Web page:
- by Suki Mann
|iTraxx X-Over Index
|10 Yr Bund
|iBoxx Corp IG
|iBoxx Corp HY Index
|10 Yr US T-Bond
…It was down by the elevator…
We had gone up in a straight line for so long that it seems some have forgotten that any pull-back does not mean that we are necessarily going down forever. The inevitable questions are being asked given the rather sudden but non-violent nature of this sell-off. But it’s not the end of the world. It feels it though for some, as we seemingly go down by the elevator – as far some asset classes are concerned. The move has not happened because economic fundamentals/data point to a recovery. But really, is this current price action warranted just because a Fed rate hike is potentially looming? We don’t think so. Not at all! And a lot of what happened in Europe in yesterday’s session was about catch-up following the accelerated fall in US stocks on Friday.
We are thinking that there will be some recovery, which will be more than just a dead-cat-bounce, at some stage this week. The markets will remain jittery nevertheless, wary of that rate hike but also won’t be helped by investor positioning. After all, who isn’t long duration in their respective fixed income asset class of choice? Amid little choice but to, investors have been sucked-in by central bank QE initiatives, and most pain will be heaped on them on any pull-back.
Wowzer from the ECB
The corporate bond sector asset purchases by the ECB saw a massive weekly lift with €2.4bn accumulated last week. That’s just €252m short of the record in the week to 27 June, while it is only the second time they have exceeded €2bn in any given week. It is also €1.3bn more than last week’s effort. It’s huge! Their intentions are abundantly clear. And we should be in no doubt that they mean business. After that, how can credit spreads go wider short of a massive turnaround in the global economy, sharply higher rates, inflation and the rotation trade (credit to equities) in full-swing? It’s not going to happen.
Remember, this is €23bn of corporate bond (thus far) which will not be coming back – they are buy-and-hold come what may. In 13 weeks, they have lifted an average of €1.76bn of bonds – euro-denominated corporate bond debt permanently removed from circulation (see chart below).
ECB Weekly Corporate Bond purchases
Weakness, but no capitulation
The corporate bond market was closed for business, small wonder given the overall state of the market and we had nothing on the primary front. Equities fell 2% at the open but recovered some of their poise to claw back a portion of the earlier losses to end up to 1.5% down in the session.
That was helped by US stocks which were playing out in the black with gains accelerating after our close on the back of Fed governor Brainard’s more dovish words – the S&P recovering around three quarters of its losses from last Friday. Tuesday promises to be a better session in Europe.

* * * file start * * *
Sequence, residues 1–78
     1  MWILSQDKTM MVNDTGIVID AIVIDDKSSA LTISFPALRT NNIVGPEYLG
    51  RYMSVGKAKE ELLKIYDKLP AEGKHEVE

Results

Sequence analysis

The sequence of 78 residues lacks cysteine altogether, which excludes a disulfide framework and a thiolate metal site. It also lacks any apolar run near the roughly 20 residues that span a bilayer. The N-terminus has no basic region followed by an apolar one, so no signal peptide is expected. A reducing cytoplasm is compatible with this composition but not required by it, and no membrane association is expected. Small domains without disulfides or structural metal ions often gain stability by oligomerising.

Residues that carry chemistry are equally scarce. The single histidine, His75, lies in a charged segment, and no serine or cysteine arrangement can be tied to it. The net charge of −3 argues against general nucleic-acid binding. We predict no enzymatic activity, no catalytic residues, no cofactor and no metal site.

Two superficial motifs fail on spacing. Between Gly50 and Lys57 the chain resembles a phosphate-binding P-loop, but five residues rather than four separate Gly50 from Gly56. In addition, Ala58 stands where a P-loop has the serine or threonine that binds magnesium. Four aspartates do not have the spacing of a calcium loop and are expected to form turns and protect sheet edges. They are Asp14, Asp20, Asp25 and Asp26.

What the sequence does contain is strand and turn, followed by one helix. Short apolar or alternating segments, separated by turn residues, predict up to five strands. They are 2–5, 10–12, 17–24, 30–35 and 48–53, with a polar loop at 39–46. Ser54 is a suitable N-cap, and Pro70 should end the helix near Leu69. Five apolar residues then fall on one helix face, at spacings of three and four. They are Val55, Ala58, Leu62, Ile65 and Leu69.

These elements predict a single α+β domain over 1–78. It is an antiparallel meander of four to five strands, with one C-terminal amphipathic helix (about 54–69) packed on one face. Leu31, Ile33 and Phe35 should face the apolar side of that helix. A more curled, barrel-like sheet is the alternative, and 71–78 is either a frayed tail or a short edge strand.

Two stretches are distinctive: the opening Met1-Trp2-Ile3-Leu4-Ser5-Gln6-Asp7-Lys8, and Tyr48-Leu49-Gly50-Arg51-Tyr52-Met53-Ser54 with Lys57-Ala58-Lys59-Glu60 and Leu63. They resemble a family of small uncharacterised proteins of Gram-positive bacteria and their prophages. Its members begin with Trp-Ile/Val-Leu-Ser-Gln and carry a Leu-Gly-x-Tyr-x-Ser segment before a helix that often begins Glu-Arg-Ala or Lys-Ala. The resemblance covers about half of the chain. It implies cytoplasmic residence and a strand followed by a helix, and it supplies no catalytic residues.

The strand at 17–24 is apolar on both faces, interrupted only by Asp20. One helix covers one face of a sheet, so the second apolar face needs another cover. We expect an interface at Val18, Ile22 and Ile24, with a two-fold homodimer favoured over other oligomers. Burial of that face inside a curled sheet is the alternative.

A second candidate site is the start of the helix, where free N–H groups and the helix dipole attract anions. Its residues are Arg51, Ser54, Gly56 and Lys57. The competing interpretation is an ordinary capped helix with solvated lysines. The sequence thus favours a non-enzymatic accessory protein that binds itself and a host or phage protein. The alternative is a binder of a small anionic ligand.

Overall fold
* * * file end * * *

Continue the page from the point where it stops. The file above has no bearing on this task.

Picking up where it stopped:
Government bonds closed just off their lows for the session, too (in price) and yields ended only a touch higher, generally. German Bunds in 10-years were yielding +0.03% and much is made of the move into positive territory. We’ve already suggested that this will be short-lived – and the current moves are exaggerated because over extreme positioning. 10-year Gilt yields were flattish at 0.85% (versus a session high of 0.86%), while Spanish Bonos also closed flat (1.07%) and Italian BTPs managed some recovery off the session highs with 10-year yields at 1.27% (+3bp).
Corporate bond markets impacted too
After news of that shopping spree last week by the ECB, the corporate bond investors have good reason aplenty to feel relaxed about their market and just need to figure out how to work through their duration hedges (for total return players). Otherwise, it would just be too easy! We did end a little weaker, but we attribute some of that to Friday’s general weakness and to marks filtering though into today’s pricing matrix. The Markit iBoxx IG corporate index closed up at B+120bp and the first material reversal since the ECB’s asset purchase began some 13 weeks ago. In HY, the weakness was more pronounced with spreads on an index basis 17bp wider leaving it at B+428bp, but moves are naturally exaggerated owing to the greater illiquidity in this market.
And finally, the Bank of England issued a circular around which companies will be eligible for purchase under its own QE programme. There were no real surprises (aiming to buy £10bn in total), except that a reverse auction process would be the way forward for them.
The net impact ought to be for sterling corporate bond valuations to be supported by the move, but we don’t think it will have a desired impact of much additional cash/liquidity/investment being channelled into the domestic economy (just like the ECB’s hasn’t done so).
It’s just potentially more cheap booty for corporate treasury desks, although once they have got their “general corporate purposes” fill in, they will also have to contend as to how to make a return on that additional cash. A quality problem, some would say. Anyway, credit spreads in this market also closed 2bp higher at Gilts+149.7bp (Markit iBoxx) – and the widest level in over a month. The index yields are a whopping 32bp higher versus the lows seen a month ago!
That’s it, back tomorrow. Have a good day.